1. jt says:

    IMHO, the {% include %} tag is one of the bests methods for doing exactly that. Instead of passing all the parameters in one line, which is ugly, you could pass in the object (in your example the ‘plane’). Or pass nothing at all, because the included template has access to the context (e.g. include something inside a loop…).

    I don’t like to generate tags with such specific markup. I prefer to keep as much as possible all the markup in the templates. However it’s probably a matter of likes :)

    And… When dealing with more complex issues, iterables/querysets that need to render specific markup, I’ve used a great project called django-tables2 project (https://github.com/bradleyayers/django-tables2). It allows you to attach an iterable (e.g. Queryset) to render an HTML table, while providing pagination, sorting, etc. Despite of being intented to render HTML tables, you can easily change the generated markup by defining your own custom template. In your case, it looks like it’s too much powerful because you are not working with data sets (just instances), so it’s probably not worth.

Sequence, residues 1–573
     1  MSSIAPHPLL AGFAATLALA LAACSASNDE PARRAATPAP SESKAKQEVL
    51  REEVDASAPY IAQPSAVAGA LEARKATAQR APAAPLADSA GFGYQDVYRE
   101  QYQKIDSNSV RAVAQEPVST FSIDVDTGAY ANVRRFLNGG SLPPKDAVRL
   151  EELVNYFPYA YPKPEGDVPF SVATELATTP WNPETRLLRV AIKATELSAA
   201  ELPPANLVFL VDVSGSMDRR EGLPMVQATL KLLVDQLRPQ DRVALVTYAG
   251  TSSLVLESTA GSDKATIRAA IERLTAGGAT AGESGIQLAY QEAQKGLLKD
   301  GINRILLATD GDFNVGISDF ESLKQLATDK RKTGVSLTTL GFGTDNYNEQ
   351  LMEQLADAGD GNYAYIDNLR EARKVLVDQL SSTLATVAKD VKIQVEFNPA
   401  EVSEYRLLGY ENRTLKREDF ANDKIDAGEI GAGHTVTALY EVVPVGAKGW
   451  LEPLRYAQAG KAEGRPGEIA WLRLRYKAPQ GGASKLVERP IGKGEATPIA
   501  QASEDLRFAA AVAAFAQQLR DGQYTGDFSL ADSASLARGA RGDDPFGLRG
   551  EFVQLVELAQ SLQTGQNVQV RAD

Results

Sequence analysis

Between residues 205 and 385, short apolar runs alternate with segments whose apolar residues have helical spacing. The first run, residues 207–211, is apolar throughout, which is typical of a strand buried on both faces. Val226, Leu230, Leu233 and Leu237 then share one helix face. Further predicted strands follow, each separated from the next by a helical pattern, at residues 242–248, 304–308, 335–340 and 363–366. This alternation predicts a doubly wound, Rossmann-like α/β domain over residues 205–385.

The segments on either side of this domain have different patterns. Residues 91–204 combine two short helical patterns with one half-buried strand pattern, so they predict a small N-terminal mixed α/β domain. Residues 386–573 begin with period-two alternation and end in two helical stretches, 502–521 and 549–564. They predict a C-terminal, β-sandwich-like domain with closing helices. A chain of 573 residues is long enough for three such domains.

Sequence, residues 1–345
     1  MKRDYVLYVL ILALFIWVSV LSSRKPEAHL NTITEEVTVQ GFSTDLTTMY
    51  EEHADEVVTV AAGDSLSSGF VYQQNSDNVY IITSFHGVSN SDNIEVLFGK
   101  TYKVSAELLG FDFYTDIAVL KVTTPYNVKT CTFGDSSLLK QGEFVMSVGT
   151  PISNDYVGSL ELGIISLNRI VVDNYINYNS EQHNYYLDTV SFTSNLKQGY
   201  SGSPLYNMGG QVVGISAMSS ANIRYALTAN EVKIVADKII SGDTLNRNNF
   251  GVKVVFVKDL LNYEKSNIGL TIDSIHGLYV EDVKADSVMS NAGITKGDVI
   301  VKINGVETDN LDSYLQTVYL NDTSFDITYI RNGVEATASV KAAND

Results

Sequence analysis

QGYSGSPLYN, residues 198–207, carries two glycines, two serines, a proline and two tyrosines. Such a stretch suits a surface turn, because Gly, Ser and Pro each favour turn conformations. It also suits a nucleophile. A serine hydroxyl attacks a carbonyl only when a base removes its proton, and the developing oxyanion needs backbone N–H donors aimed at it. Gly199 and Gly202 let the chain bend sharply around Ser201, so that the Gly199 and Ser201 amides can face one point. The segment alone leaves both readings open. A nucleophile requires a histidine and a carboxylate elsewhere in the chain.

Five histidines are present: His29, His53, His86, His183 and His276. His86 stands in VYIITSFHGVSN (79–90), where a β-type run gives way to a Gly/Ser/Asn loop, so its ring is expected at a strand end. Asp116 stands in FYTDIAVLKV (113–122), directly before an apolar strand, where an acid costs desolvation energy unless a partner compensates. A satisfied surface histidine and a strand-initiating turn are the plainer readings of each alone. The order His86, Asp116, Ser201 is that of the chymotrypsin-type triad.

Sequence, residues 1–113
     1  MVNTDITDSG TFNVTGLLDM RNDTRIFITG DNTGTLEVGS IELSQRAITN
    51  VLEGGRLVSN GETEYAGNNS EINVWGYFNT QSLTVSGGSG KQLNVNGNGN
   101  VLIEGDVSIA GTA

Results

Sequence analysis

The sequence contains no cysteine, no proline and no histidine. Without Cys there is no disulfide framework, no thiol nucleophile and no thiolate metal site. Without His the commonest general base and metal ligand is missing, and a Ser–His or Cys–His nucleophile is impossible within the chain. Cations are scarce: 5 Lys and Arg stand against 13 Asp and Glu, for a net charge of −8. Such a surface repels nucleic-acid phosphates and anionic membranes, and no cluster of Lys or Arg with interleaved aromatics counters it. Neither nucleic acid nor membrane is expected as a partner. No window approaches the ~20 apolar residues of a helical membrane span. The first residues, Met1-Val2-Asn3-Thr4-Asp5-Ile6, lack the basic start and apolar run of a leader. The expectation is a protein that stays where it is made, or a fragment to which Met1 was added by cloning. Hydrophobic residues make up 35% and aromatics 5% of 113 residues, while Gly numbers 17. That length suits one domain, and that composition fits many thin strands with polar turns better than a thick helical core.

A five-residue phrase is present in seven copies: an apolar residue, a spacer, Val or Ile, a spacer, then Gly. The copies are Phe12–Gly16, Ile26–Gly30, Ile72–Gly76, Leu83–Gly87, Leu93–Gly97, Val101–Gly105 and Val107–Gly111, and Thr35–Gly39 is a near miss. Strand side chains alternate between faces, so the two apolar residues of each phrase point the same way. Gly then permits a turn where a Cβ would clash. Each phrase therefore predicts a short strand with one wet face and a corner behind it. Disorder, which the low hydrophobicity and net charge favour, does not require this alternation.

2. mg says:

    Hi, I’ve stumbled upon your blog quite randomly, but – out of curiosity – are you building some aircraft fleet management system in django? I’m curious since I’m doing such a project right now ;)

  3. Ben says:

    It probably makes more sense when the repeated code is a bit more lengthy, but I’ve always used an {% include %} tag with a {% with %} statement to set the different variables. Keeps your HTML in a template then, albeit another file, rather than inside your template tag.

  4. kpd says:

    Yes I am – kind of. I’m building an online logbook for radio-controlled aircraft at rcfluglog.com.

  5. kpd says:

    Thanks everyone. I agree with you regarding the html code being in a template file as opposed to hard-coded in the tag. I’ll be checking out django-tables2 later today. It sounds interesting (for the moment I’m just using jquery’s datatable to manage that, but that is an interim solution and a piece of technical debt to be addressed.)

  6. migajek says:

    kpd, thank you for your answer :) Good luck then :)
    Since I’m also building similar thing, I needed to have something like django-tables2 but with edit & search. Right now I’m developing something you might be interested in, an integration of django and jqGrid (full featured jQuery grid).
    It’s not as stable and well-documented as django-tables2 but is intended to have more features. you might want to have a look: https://bitbucket.org/migajek/django-tastypie-jqgrid

  7. kpd says:

    Thanks I’ll take a look at that – it sounds very useful.

  8. Ole Laursen says:

    You could put the data in a list or tuple in the view, and iterate over that with a for loop in the template. That way the template has the HTML and the view has the logic. You could then combine that with an include.

    Or you could just use an HTML table and cut down on the tag soup. :)